Settlement agreements, formerly known as Compromise Agreements, came into effect in July 2013. They are legally binding contracts waiving an employee’s rights to make a claim against their employer at a court or an employment tribunal for something covered in the agreement.
A settlement agreement is typically entered into towards the end, or just after, an employee’s employment has ended and sets out the terms of separation between the parties. In return for the employee waiving their rights, the employer will typically pay the employee an end payment, although this is not always the case.
Neither party can be coerced into entering a settlement agreement or into any discussions about them. It is usual for there to be a process of negotiation and for both sides to make proposals and counterproposals in order to create an agreement. Employees should be given a reasonable amount of time to consider the proposed terms of the settlement agreement. The ACAS Code of Practice recommends a minimum period of 10 calendar days unless agreed otherwise. If there are good reasons to depart from the ACAS Code, such as the need to maintain momentum in discussions, this can be done by agreement.
Confidentiality clauses can also be found within settlement agreements in order to protect the business interests. These can be negotiated and must be fair, but stops the employee from sharing information both inside the business and outwith.
If settlement negotiations are attempting to settle a pre-existing dispute, under the ‘without prejudice’ rule they cannot be referred to in any subsequent Court or Employment Tribunal proceedings. However, there is scope to argue that discussions do not fall within such protection on the basis there may not be a pre-existing dispute.
In 2013, and in order to provide an additional layer of protection for pre-termination discussions, new rules were introduced. Under the rules, settlement discussions cannot be mentioned or referred to in any later ‘ordinary’ unfair dismissal proceedings, regardless of whether there is a pre-existing dispute. This protection does not apply to any other type of claim, it also does not apply in cases of ‘improper behaviour’, which includes:
- All forms of bullying, harassment and intimidation, including using aggressive behaviour or offensive words.
- The threat of physical assault or physical assault and any other criminal behaviour.
- Any form of victimisation.
- Discrimination because of sex, age, race, disability, sexual orientation, transgender, religion or belief, pregnancy and maternity, and civil partnership or marriage.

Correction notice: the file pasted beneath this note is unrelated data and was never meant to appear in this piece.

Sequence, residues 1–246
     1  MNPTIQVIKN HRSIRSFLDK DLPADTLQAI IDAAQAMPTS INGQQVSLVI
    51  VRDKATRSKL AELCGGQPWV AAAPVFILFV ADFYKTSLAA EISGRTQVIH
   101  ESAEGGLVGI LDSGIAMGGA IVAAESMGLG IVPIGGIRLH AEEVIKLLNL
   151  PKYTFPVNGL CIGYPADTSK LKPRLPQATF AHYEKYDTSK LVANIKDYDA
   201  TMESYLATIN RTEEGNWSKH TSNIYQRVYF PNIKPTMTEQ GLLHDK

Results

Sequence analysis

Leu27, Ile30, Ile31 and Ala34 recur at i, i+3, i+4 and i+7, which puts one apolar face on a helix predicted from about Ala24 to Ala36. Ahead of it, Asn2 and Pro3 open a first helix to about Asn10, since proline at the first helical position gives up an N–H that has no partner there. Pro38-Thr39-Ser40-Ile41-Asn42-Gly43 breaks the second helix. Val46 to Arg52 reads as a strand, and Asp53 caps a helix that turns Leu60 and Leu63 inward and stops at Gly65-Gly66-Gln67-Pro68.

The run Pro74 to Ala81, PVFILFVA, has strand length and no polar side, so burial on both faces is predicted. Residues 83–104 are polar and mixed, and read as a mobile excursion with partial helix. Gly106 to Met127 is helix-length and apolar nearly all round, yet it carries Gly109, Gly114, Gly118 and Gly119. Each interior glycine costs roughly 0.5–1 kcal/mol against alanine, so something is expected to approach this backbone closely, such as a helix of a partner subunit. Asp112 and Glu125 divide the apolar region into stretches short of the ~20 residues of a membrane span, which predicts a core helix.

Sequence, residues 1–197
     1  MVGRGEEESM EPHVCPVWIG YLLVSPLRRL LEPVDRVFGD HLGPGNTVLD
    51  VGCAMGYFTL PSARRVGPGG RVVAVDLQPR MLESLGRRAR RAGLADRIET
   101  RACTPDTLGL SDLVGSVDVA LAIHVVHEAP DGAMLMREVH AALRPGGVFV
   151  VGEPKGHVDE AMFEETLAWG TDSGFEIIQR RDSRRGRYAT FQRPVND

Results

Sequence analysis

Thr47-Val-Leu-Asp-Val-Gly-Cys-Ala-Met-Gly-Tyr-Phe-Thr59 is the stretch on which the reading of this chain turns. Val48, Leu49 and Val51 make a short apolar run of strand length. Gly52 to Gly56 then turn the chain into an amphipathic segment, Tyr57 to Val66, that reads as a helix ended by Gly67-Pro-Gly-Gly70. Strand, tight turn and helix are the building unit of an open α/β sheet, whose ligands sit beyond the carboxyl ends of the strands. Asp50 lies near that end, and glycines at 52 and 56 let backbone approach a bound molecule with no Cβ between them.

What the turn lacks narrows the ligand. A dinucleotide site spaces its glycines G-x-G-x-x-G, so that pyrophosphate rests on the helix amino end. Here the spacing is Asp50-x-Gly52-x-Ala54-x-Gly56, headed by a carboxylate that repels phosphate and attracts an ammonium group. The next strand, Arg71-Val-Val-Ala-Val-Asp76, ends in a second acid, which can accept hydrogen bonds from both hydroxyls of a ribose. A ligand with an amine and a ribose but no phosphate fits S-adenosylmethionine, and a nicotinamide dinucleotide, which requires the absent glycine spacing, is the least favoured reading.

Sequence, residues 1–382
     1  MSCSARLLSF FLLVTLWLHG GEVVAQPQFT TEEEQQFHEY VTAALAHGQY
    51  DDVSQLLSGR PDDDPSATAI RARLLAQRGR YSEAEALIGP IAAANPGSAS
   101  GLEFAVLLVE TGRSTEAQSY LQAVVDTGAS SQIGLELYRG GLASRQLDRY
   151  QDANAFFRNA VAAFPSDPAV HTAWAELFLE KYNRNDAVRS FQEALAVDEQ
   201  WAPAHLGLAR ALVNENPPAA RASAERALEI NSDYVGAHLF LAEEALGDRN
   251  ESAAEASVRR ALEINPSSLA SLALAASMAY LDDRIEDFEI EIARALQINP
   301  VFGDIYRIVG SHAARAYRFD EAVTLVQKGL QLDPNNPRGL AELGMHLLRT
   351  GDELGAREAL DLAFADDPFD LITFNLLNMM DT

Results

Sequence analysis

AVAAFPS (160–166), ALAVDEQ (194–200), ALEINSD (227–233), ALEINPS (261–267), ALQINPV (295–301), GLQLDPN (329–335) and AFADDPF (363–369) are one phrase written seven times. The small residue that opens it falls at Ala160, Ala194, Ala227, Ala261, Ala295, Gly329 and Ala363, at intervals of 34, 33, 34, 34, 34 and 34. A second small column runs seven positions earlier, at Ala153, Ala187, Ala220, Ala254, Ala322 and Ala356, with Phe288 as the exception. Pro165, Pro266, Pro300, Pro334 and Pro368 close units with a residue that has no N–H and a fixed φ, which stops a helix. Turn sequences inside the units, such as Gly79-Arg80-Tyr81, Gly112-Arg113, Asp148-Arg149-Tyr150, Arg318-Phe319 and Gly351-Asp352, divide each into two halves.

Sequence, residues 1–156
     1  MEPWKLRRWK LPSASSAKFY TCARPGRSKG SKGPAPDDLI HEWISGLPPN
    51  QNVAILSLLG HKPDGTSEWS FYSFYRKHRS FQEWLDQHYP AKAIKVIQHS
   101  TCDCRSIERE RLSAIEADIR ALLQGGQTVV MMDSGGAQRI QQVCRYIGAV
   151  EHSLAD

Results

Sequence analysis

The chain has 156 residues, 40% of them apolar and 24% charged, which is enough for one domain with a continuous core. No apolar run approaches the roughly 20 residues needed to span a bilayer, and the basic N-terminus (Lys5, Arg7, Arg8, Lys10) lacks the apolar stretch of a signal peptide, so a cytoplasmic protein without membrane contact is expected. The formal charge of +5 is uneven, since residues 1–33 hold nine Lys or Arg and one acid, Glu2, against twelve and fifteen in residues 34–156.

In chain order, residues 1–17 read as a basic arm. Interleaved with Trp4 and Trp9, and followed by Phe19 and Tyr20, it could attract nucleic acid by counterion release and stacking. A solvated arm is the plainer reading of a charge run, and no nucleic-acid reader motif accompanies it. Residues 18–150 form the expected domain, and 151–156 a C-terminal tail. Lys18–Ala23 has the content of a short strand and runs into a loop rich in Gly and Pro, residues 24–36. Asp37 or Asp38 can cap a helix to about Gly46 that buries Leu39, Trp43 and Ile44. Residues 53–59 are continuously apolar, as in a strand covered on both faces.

- Putting any undue pressure on another party. For example, not giving a reasonable time for consideration of the settlement proposal within the ACAS Code, or an employee threatening to undermine a company’s public reputation if the business refuses to sign the agreement. Although ‘whistleblowing’ protections under the Public Interest Disclosure Act apply here.
In some circumstances where unlawful discrimination occurs during a settlement discussion, it can form the basis in itself of a claim to an employment tribunal.
In order to ensure a settlement agreement is legally binding and for a valid waiver of statutory employment rights, the following criteria must be satisfied:
- The agreement must be in writing.
- The agreement must relate to a specific complaint or proceedings.
- The employee must have obtained advice from an independent legal adviser, such as a solicitor, in particular on its effect on their ability to pursue the statutory right in question.
- The legal advisor must have a current insurance contract or professional indemnity covering the risk of a claim by the employee regarding any loss arising from the advice. It is usual for an employer to cover the employee’s legal fees or at least contribute towards them.
- The agreement must indemnify the adviser
- The agreement must confirm the statutory conditions that regulate the settlement agreement have been met
In most cases, employers will arrange a ‘without prejudice’ meeting with their employee so they can discuss whether there is potential for a settlement agreement. Employees may want to involve a third party to accompany them; this could be a work colleague or trade union representative, although there is no statutory right to this. It is good practice to allow this since it often helps settlement discussions to progress.
If the employee rejects the settlement agreement, some other form of resolution is likely to be sought. This could be via performance management, disciplinary or grievance process, depending on the nature of the dispute.
The employee may need to obtain tax advice in relation to the payments that are made under the settlement agreement. Ex gratia payments that genuinely represent compensation for losing employment can be made up to £30,000 incurring no tax liability. Wages, holiday pay and bonuses can be paid through normal payroll.
The information on this website is intended as a guide and does not constitute legal advice. Vardags do not accept liability for any errors in the information on this website, nor any losses stemming from reliance upon the statements made herein. All articles and pages aim to reflect the legal position at time they were published, and may have been rendered obsolete by subsequent developments in the law. Should you require specialist advice, tailored to your situation, please see how Vardags can help you.